Kathryn and I have been traveling back and forth to France a lot over the last 15 months, and I figure it’s time to share why.
Long story short: We bought an apartment in Montpellier, a city in the south of France.
It’s something I’ve wanted to do for a long time — close to 20 years, really — and over the last several years, it’s an idea that Kathryn has embraced as well. Our several visits to Montpellier together over the past several years have done a lot to persuade her.
Our trip in November 2021 was the first where we started to turn the thoughts of buying an apartment into action. The goal of that two-week trip was to start lining up professionals. I didn’t expect it to be easy, and it wasn’t as easy as I expected.
The first person we met was a notaire. She would properly be called a civil law notary in English, but as an American, I’m accustomed to the word notary having a meaning that’s very different from someone who does work that, in my native land, would properly be done by a lawyer. To keep it simple, I’ll just use the French word as if it were English.
All real estate transfers in France happen in a notaire’s office, so we figured it was better to get to know one right away. She gave us a free consultation that was nearly an hour long, and it proved to be very helpful. She will also be the one who prepares wills for us — something we still need to do — as she advised us our U.S. estate planning may not have much effect on the disposition of our French property.
The notaire also pointed us in the direction of a reliable real estate agent, who has really been our guide through this whole process. There’s nothing like a multiple listing service in France, and agents seem to guard their listings rather jealously. From what I understand, as a buyer, you’re typically expected to deal directly with the seller’s agent for each listing. However, because we’re foreigners, this agent offered to do the research for us, dealing with each seller’s agent individually to negotiate a split of the commission. It ended up paying off for her, since her company ended up with half of the commission for a listing that wasn’t theirs.
The only issue was that the real estate agent speaks no English. I spent a lot of time trying to translate between her and Kathryn.
The hardest part was the one I thought would be the easiest: finding a bank. While, in theory, it would have been possible to do all this without a French bank, it would have been impractical. Sure, we could have made wire transfers from our financial institution in the U.S. directly to the escrow account of the notaire, but we’ll have taxes, contractors, utility bills, and so on to pay on a regular basis. All these invoices will need to be paid in euros, either by check or, more commonly, by electronic transfer. Having a local bank account has already made things much easier.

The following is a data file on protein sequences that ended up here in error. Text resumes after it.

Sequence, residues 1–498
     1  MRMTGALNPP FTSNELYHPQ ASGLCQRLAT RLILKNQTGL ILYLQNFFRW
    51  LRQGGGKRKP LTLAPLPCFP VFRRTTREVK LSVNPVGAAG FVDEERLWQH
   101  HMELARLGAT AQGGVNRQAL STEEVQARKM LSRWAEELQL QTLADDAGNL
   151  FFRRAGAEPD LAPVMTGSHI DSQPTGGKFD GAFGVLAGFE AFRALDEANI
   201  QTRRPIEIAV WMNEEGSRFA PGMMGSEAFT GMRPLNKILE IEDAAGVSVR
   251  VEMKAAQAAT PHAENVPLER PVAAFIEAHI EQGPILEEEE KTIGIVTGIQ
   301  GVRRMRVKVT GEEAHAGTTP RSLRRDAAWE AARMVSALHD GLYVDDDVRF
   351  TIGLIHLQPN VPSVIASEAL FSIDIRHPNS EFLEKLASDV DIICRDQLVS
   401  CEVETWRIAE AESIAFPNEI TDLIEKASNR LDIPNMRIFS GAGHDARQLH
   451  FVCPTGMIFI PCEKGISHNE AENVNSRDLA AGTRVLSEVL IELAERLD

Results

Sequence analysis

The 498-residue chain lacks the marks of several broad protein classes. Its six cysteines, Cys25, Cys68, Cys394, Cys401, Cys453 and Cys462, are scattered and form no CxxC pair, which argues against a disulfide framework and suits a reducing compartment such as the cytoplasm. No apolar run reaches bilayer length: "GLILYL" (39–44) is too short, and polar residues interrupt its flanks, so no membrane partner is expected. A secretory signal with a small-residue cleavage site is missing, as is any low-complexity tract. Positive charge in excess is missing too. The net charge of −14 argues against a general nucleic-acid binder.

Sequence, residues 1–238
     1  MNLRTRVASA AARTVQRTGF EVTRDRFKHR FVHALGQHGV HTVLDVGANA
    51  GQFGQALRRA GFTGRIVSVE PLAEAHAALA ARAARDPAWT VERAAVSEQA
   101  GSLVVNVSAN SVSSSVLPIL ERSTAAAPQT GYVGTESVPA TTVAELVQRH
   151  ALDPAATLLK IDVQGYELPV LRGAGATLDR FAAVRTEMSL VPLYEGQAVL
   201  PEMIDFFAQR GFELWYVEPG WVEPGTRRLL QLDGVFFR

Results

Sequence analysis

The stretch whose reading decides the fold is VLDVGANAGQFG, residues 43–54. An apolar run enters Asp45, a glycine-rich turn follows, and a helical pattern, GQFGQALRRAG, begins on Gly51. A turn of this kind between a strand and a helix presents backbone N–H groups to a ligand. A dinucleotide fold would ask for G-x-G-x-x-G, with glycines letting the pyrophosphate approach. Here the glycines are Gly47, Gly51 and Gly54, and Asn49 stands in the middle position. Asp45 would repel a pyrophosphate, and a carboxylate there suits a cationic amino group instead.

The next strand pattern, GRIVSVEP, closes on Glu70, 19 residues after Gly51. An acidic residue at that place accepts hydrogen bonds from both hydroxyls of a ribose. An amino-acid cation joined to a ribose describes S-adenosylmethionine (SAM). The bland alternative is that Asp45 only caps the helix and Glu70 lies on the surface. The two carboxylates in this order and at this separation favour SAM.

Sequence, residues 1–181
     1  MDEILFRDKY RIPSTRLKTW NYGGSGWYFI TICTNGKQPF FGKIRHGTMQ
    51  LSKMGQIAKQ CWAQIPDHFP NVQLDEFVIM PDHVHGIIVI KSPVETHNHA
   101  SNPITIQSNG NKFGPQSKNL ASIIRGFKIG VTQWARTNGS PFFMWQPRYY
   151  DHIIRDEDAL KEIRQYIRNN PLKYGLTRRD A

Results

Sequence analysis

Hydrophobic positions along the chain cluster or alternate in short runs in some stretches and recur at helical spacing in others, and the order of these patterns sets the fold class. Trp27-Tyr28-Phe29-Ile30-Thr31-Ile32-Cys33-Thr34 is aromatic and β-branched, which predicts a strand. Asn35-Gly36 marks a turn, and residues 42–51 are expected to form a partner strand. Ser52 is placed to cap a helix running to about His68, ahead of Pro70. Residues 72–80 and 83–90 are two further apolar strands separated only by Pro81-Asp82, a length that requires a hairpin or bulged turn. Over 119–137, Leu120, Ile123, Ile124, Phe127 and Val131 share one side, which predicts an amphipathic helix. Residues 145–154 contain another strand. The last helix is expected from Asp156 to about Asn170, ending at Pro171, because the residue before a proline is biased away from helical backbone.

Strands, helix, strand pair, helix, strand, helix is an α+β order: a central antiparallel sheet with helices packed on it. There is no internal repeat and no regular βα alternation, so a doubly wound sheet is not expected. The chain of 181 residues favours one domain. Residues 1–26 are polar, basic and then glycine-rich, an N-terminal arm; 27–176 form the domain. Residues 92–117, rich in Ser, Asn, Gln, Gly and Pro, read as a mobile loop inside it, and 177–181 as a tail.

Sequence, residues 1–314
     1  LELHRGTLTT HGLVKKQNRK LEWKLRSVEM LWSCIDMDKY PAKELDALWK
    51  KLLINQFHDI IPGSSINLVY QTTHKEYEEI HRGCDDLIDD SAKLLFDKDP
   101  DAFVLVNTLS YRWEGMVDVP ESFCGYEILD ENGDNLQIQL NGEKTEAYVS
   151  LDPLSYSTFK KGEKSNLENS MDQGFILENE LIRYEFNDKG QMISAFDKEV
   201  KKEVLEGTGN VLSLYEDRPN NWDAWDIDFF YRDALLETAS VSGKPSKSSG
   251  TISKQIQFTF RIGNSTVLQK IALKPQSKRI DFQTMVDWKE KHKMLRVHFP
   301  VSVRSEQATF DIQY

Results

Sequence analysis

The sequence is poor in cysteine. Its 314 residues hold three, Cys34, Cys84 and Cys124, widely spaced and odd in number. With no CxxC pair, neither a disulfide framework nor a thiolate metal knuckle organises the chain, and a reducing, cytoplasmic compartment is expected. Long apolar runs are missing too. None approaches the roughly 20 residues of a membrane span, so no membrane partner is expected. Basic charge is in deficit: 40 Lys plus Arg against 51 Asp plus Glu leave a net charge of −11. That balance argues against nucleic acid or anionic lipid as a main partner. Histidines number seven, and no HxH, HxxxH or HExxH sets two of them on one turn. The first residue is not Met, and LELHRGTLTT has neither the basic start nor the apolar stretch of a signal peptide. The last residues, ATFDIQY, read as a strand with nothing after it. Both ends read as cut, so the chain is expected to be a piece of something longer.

After several banks refused to answer my e-mails, I finally gave up and walked into the nearest branch of a bank suggested by both the notaire and the real estate agent. At that point, we were running out of time, and we explained to the receptionist that we were returning home in just a few days. Apparently, that got someone’s attention. After about 48 hours of back and forth with various forms — including an IRS form that seemed quite out of place when opening a bank account in France — we finally met with our bank counselor. After another half-hour of signing forms, at almost 4 pm on the last business day we’d be in France, we finally had an account number.
Since then, our trips to Montpellier have been to look at apartments. The reality is that, at any given time, there’s not much inventory on the market that would check all of our boxes and fit within our budget. We prepared ourselves to make several short trips to find the right place.
In September, we finally found it.
Amazingly, the apartment is in a pleasant neighborhood that we’d never visited, just a few minutes’ walk from the city’s iconic main plaza. It’s the first floor off the ground — what we would call the second floor in the U.S. — has one bedroom, and has a lot of light through two large patio door windows that lead to a narrow balcony that spans the width of the apartment. It doesn’t need any serious renovation work, and it’s in a charming late-19th-century building that’s well maintained. It’s literally upstairs from a bakery, and it’s a one-minute walk from a grocery store, a bar, a butcher shop, a produce vendor, a newsstand, two pharmacies, several restaurants, and a church.
Next came the usual back and forth negotiating the price. In the process, we agreed to accept the last price asked by the seller if he included all the appliances in the kitchen. The negotiation process ended with a non-binding letter of intent, which spelled out the high-level terms that would later form a binding purchase and sale agreement.
Unfortunately, at least one of us would have to come back to Montpellier to sign the agreement, and it had to be done relatively quickly. Since I wasn’t otherwise employed at the time, and since it would be a quick in-and-out trip, and since we didn’t both have to be there, we decided I would go back by myself. So I bought the tickets for my short October trip about the same time we got home from the September trip.
Signing the purchase and sale agreement, which is considered the most important step, was surprisingly quite painless. The seller decided to sign by power of attorney, so he wasn’t present, although his agent was. There was an interpreter present to help me translate French to English, although she was only rarely needed. After I returned home, we wired the earnest money to the notaire’s escrow account. At that point, the seller, Kathryn, and I were all on the hook.